Network programming guide



Read Interaction Overview before this section.

The Immerse SDK sends messages from a user's local machine to other users via a relay server, hosted in the cloud. This server can also store messages, so that users joining sessions at different times will see a consistent, synchronised view of the environment.

Here we will mostly talk about considerations when programming network-enabled VR applications and discuss some of the tools provided by the Immerse SDK and platform.

The Immerse Platform enables people from different locations to collaborate together in the same session in VR



When the SDK initialises, it connects to the Immerse backend platform services and receives the current state of the scene. This can only take a few milliseconds, but also means care has to be taken when using Awake and Start Unity component methods to access SDK systems and components.

To access the Immerse SDK at startup, the following pattern is recommended:

private IEnumerator Start()
  yield return App.WaitForSdkReadyCoroutine(this);
  // It is now safe to access SDK components, like look up the local Avatar

A Coroutine is used, which waits for the SDK to be ready. Once this returns from waiting, the necessary components of the SDK can safely be accessed, knowing that they will be ready.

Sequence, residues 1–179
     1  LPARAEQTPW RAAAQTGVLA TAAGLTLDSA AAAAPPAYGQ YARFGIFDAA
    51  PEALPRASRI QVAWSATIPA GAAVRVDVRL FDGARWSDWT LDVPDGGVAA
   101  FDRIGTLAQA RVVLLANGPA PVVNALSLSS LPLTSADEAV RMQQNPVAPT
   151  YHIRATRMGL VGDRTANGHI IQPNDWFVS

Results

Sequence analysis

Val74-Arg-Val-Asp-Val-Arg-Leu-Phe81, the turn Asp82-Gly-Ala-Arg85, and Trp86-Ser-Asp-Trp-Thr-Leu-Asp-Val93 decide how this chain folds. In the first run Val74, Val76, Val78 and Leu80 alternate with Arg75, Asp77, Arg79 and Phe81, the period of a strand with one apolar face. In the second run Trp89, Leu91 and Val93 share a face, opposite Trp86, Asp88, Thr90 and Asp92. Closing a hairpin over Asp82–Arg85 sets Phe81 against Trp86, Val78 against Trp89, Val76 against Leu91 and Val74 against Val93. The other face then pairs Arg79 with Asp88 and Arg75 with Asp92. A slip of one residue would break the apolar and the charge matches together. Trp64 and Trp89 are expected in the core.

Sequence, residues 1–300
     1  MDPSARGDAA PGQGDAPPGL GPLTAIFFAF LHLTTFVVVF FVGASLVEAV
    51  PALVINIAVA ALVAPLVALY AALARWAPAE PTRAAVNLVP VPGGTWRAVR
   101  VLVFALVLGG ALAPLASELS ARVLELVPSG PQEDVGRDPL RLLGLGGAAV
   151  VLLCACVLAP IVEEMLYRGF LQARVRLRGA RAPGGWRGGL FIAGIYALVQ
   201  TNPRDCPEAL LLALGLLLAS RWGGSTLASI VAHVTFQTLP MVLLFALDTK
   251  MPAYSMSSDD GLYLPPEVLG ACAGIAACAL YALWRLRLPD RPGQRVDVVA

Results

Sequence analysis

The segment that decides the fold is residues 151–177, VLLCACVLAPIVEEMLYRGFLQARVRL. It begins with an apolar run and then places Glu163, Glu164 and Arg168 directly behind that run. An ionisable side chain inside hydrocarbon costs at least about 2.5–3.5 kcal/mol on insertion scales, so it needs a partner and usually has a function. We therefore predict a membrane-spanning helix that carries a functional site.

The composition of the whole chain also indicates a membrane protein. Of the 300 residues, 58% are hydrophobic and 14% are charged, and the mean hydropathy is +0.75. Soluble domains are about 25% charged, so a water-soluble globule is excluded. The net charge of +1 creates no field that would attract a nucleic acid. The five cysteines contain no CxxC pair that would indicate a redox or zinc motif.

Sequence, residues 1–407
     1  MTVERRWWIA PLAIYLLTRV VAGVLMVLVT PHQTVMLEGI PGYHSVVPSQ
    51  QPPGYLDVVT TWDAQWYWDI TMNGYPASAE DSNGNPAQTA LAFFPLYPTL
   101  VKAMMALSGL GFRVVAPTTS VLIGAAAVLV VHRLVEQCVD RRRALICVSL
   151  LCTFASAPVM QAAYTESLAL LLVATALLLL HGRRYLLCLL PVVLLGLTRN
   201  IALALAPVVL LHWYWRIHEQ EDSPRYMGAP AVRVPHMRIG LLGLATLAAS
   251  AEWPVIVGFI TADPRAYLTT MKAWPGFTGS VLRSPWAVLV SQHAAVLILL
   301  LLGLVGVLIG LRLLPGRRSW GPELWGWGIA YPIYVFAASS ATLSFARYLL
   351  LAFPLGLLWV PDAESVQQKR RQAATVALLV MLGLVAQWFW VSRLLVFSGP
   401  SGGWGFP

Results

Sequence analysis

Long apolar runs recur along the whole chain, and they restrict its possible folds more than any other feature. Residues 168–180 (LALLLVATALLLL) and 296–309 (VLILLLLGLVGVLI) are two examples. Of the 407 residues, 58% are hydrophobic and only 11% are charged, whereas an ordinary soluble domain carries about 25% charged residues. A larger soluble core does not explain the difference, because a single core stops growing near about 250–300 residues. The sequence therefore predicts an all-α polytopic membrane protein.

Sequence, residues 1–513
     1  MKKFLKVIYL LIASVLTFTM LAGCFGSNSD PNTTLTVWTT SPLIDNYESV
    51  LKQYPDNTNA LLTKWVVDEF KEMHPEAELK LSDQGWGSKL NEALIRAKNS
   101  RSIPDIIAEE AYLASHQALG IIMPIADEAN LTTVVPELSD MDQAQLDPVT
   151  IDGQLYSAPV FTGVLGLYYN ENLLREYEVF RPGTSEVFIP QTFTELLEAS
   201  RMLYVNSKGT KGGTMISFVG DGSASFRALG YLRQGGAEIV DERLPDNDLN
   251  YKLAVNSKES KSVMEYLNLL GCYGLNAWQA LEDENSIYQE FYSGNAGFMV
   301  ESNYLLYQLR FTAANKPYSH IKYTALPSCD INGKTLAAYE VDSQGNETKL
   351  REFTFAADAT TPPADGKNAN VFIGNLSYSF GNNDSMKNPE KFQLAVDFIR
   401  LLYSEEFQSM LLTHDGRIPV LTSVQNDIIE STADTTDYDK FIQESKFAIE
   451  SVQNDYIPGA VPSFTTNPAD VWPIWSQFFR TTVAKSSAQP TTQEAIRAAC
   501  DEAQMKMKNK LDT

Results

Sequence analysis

Asynchronous and consistent state changes

When networking is involved, be careful when making assumptions regarding the timing of events - this is particularly important when considering asynchronous events and consistency of state.

For instance, what happens when two people grab the same object at the same time? Or what happens when somebody drops an object and it rolls over the floor - what does everybody else see? In general, the Immerse messaging system is implemented to act on events when a message is received (most messages are sent to everyone, including the local user, which are broadcast back to themselves).

This is important because it allows the server to correctly order messages; they will be received in the same order as the server receives them (with latency differences minimised). This process means that everybody in a session will always receive messages ordered sequentially and thus provide a consistent state.


To solve the other issue that stems from multiple users interacting with the same object, the Immerse SDK is based around a concept of authority. Only one user can have authority of an interactable object at any time. The user with authority will be responsible for telling everyone else where the object is and its orientation. The user with authority will be in a sending state, and everybody else will be in a receiving state.

Further reading

For more information, read the Interaction Overview section. Synchronisation and interaction and Synchronising State between users also provide more details for making complicated interactions possible.

Updated 9 months ago

Network programming guide

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